In older cases, hyalinization of deeper layers of intima
and dystrophic calcification can be seen.
Skipped areas of aortic involvement are quite
characteristic of aortoarteritis.
Histopathologically, adventitial mononuclear infiltrate
with perivascular cuffing of the vasa vasorum,
mononuclear inflammation, and rarely granulomatous
The subclavian artery, common carotid artery, vertebral
artery, and renal artery are more often affected.
Early phase or pre pulseless phase described by
nonspecific systemic features (malaise, arthralgia mild
synovitis, weakness, myalgias weight loss, and low-grade
Pulseless phase (vascular inflammatory phase) is
characterized by claudication, headaches, dizziness, and
amaurosis or diplopia, difficulty in looking upwards,
renovascular hypertension, chest pain or palpitation,
pulmonary (dyspneea,hemoptysis and pleurisy),
gastrointestinal (anorexia, nausea), and skin (rare, ulcers).
Occlusive phase: usually involves common carotid artery
(visual defects, strokes, TIA), vertebral artery (dizziness,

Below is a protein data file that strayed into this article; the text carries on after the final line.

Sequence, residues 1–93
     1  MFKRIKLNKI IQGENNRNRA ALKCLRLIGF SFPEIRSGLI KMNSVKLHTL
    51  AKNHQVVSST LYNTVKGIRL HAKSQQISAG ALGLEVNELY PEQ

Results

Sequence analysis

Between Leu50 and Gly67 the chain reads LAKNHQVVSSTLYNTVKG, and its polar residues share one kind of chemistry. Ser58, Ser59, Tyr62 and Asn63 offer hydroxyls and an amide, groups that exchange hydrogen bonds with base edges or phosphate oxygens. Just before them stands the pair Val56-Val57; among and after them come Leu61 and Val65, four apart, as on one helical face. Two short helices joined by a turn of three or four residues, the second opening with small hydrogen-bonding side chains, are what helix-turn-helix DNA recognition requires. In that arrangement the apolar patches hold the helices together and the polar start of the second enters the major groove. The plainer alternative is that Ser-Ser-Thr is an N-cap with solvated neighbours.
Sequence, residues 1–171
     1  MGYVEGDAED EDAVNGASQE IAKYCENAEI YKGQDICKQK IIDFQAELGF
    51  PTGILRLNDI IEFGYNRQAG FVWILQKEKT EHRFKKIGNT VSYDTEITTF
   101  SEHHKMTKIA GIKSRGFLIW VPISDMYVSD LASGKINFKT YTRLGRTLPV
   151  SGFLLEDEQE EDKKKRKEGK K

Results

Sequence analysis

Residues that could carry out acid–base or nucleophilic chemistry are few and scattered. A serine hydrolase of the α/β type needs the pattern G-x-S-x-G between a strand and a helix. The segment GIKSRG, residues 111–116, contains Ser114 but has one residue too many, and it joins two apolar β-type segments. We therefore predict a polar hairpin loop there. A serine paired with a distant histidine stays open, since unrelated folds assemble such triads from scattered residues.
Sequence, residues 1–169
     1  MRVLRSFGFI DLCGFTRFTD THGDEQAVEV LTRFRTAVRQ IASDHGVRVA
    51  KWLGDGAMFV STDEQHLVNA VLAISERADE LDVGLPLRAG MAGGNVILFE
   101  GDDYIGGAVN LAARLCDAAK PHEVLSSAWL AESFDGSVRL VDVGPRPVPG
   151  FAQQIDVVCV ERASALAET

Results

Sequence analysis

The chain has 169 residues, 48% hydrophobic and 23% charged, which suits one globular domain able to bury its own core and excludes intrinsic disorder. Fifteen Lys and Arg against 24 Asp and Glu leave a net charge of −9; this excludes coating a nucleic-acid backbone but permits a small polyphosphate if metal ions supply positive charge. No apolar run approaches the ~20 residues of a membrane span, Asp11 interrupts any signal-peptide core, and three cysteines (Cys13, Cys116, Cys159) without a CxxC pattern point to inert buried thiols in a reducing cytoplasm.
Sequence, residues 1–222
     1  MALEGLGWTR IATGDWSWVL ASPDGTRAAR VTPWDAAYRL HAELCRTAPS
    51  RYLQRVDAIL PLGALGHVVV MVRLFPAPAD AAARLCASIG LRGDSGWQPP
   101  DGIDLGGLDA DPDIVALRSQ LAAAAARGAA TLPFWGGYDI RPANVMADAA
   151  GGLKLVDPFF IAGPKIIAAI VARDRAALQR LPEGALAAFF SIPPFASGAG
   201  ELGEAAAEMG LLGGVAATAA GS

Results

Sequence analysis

visual defects), subclavian artery (arm claudication), aorta
(aortic regurgitation,cardiac heart failure), pulmonary artery,
cardiac and celiac axis, renal artery (renovascular
hypertension), iliac artery (claudication).
The diagnosis of TA is largely based on the combination
1) clinical manifestations,
2) laboratory evaluation, and
When the diagnosis is presumed, it is typically confirmed
by a radiographic technique.
American College OF Rheumatology
Criteria to be diagnosed with Takayasu’s
must meet 3 out of 6 criteria:
Age under 40 at disease onset;
Claudication of extremities;
Decreased branchial artery pulse;
Blood pressure difference>10 mmHg between arms;
Bruit over subclavian arteries or aorta;
Arteriogram abnormality: occlusion or narrowing in aorta
or main branches.
Diagnostic criteria by Ishikawa
These consist of one
obligatory criterion (age <40 years at diagnosis or onset of
two major criteria (left and right mid subclavian artery
nine minor criteria
(high ESR, common carotid artery tenderness, hypertension,
aortic regurgitation or annulo-aortic ecatisa, lesions of
pulmonary artery, left mid common carotid artery, distal
branchio-cephalic trunk, thoracic aorta and abdominal aorta).
In addition to the
obligatory criterion, the presence of two major criteria , or
one major plus two or more minor criteria; or four or
more minor criteria suggests a high probability of the
presence of aortoarteritis.
The Ishikawa diagnostic criteria modified
by Sharma et al 1995